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Learning to Say No! A Non-Profit Primer (Innovation Within Non-Profits Part III)

by Tiffany Crosby on 01/22/16

don't say yes when the answer should be no

Have you drifted from your mission or values: check your funding?

Do you want to guarantee that you will drift away from your mission? Chase indiscriminately after funds and people. Funds come with strings attached; so do people. That marquee foundation that you must get in your portfolio of funders may have their own idea about your mission, programs, and operations. That person that you must have as a champion or board member may have their own idea about your mission, programs, and operations. 

Before you go chasing after funds and people make sure that their vision and values match yours. Make sure that their release of funds, time, or energy is a result of their passion for the cause and not because they plan to exert control over what you do (or don't do) or how you operate. 

Needing money or people is not an excuse.

Now, you may be saying, "but we need money". Trust me, I understand the plight of non-profit funding. I know what it's like to wonder whether there will be enough funds to stay in operations six months from now. I understand how tempting a large grant may seem. However, I also understand the dire consequences of drifting away from your mission and/or comprising your values in the pursuit of that mission. I've seen non-profits lose their way far too many times and it pains me. 

Spare your people and protect the good work they do: Say NO

It pains me to see non-profits suffer from an identity crisis. It pains me to see people stressed out and frustrated because the demands on them are not realistic. They're trying to meet expectations set upon them by others that don't understand the true underlying issues or the programs that will be effective in dealing with those issues. These are good people. They're there because they care. And there's nothing more frustrating when you care then to be rendered ineffective regardless of how well-meaning the intentions. That's why it's dependent on your, the non-profit leader, to learn to say no.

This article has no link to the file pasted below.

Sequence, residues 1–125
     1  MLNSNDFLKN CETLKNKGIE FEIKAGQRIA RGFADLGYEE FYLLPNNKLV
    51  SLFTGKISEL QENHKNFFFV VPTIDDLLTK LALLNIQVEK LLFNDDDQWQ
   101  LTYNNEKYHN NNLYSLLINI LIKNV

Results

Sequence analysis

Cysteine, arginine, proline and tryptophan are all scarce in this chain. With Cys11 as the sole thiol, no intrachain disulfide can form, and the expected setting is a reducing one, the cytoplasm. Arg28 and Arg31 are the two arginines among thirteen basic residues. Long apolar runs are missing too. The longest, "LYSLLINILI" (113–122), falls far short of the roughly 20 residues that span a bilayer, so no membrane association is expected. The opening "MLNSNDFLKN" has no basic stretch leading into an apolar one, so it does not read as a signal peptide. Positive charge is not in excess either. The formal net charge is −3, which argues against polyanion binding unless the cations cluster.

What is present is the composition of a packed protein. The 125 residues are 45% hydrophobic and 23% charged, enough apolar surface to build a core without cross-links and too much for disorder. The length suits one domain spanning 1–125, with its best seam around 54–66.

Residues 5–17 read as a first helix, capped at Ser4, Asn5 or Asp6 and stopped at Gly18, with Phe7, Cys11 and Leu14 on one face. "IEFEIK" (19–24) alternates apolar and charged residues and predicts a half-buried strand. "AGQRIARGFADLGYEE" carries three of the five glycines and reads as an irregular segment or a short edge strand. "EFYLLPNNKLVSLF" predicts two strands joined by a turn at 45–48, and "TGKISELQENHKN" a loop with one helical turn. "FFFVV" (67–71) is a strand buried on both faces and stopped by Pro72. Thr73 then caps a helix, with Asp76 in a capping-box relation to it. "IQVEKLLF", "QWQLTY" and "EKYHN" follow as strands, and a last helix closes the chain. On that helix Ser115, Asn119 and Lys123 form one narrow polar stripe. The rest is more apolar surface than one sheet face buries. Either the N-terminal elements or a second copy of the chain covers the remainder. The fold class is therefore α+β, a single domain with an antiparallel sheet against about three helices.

Say No In Love But Without Apology

If you believe in the mission and believe in the organization's culture and values, then learn to say no in love but without apology. Say no to ideas that pull you away from your mission. Say no to programs that will cause your focus to drift regardless of how well-funded the program. Say no to people that want to come in and change your values. Say no to grants that require you to operate in a way that's inconsistent with your organizational values. Embracing innovation, which non-profits need to do in this dynamic environment, shouldn't change the essence of who you are. Your mission remains. Your values remain. Your programs may come and go, but you must stay grounded in your primary reason for existence or cease existing. So learn to say no!

Innovation Within Non-Profits (Part II): 5 Cultural Misfit Cues

by Tiffany Crosby on 10/27/15

Innovation has become the business buzz world. Every one wants it but no one wants the risks and costs associated with it. Innovation, by it's very nature, breeds failure. You will have many more failed attempts than successful attempts. Is the culture of your non-profit organization ready for that? If you're not sure, answer these 5 questions to see where you at on the innovative culture spectrum.

 1. Are you prepared to start programs on a pilot basis AND end them if they are not successful?

2. Are you ready to give employees permission to experiment with a critical process?

3. Are you willing to act as a catalyst to change including handling vocal naysayers and resistant board members?

4. Do your systems allow you to rapidly redeploy resources to different programs or services?

5. Are you willing to lay everything on the table (i.e., no sacred cows) AND do an honest assessment of effectiveness?

If you can answer yes to all five of these questions, then you have a solid foundation on which to build an innovative culture. However, if you've answered no to anyone one of the five, then you have some additional work to do before you can fully embrace innovation.

Why is this important you may ask. Just take a look at the economic realities surrounding non-profits. There are less overall resources and increasing needs. Non-profits can get any leaner than they already are; in fact, many need to make additional investments in people and infrastructure. So, if you can't cut costs -- what are you to do? Innovate, innovate, innovate.

Are you ready?

Innovation Within Non-Profits (Part I): Is Your Mission Blinding You?